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Jeanne d’Arc by Louis-Maurice Boutet de Monvel, 1896


Above is Jeanne d’Arc (6 January c. 1412 – 30 May 1431) as depicted by Louis-Maurice Boutet de Monvel (18 October 1850 – 16 March 1913).

An angel has just appeared to tell Joan that she is to save France, whose king, Charles VII (22 February 1403 – 22 July 1461), has not been crowned.  During the Hundred Years War, fought between 1337 and 1453, parts of northern France: Guyenne, Paris and Reims, were occupied by Duke Philip III of Burgundy. After the Battle of Agincourt (1415), English King Henry V, married Catherine de Valois, the daughter of French king Charles VI.

By virtue of the Treaty of Troyes, signed on 21 May 1420, King Henry V of England and his heirs would inherit the throne of France upon the death of King Charles VI of France. Philip V died in 1422, but Catherine had given birth to a son. Although Philip VI reigned as king of England, he was nevertheless the disputed king of France.

The Siege of Orléans: a turning-point

Joan of Arc did save France. After the Siege of Orléans (1428 – 1429), Philip V‘s dream of conquering France started to crumble. The uncrowned king of France, Charles VII, was crowned at Reims. However, Charles, Duke of Orleans (24 November 1394 – 5 January 1465), who had been captured at Agincourt, in 1415, was not released until 1440. He was a prince of the blood, or possible heir to the throne of France.

When he returned to France, Charles, Duke of Orleans, married a very young Maria of Cleves. Their son, one of three children born to the couple, would reign as king Louis XII.

Joan of Arc arrested and burned at the stake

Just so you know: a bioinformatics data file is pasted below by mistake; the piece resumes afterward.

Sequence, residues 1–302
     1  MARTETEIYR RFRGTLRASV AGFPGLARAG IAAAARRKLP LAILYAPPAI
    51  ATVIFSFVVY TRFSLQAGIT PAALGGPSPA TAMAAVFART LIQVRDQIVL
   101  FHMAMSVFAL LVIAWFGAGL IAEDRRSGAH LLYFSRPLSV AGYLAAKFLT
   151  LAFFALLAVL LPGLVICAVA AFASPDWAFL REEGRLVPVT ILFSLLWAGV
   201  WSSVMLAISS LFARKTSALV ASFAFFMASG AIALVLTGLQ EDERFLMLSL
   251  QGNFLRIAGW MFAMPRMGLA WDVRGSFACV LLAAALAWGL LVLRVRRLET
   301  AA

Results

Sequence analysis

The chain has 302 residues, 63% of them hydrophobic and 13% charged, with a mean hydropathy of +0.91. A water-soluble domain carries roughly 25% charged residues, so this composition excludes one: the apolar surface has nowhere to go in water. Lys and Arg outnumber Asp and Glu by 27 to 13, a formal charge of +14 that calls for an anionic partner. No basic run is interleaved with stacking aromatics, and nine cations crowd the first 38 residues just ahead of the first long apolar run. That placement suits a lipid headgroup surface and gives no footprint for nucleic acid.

On 23 May 1430, Joan of Arc was captured at Compiègne, by members of the Burgundian faction and handed over to the English. She was accused of various crimes and tried at Rouen by the Bishop of Beauvais, Pierre Cauchon. She was convicted and burned at the stake on 31 May 1431. She had had visions, which could lead to her being accused of witchcraft or to her being deemed heretical. She had been visited by the Archangel Michael, Saint Margaret, and Saint Catherine.

Louis-Maurice Boutet de Monvel

Louis-Maurice Boutet de Monvel, Bernard’s father, was born in Orléans to an accomplished family. He was raised in Paris and studied at the Julian Academy. He was an ‘academic’ painter, but he accepted to paint posters and became an illustrator. His Jeanne d’Arc (1896) is considered his finest book, followed by his 1883 Chansons de France pour les petits Français, both published by E. Plon, Nourrit et Cie. His Jeanne à la Cour de Chinon, shown at the Exposition universelle of 1990, earned him a gold medal.

Louis-Maurice was a successful artist. His artwork was often exhibited in the United States. In c. 1911, he in fact travelled to the United States and received several commissions, but he fell ill. Louis-Maurice had contracted a bronchial ailment during the Franco-Prussian War (1870), which made a winter visit to Chicago dangerous.

He died two years later, in 1913.


Sources and Resources

Louis-Maurice Boutet de Monvel: Jeanne d’Arc
Photo credit: Internet Archives

jeannedarc00boutuoft_0006© Micheline Walker
8 January 2016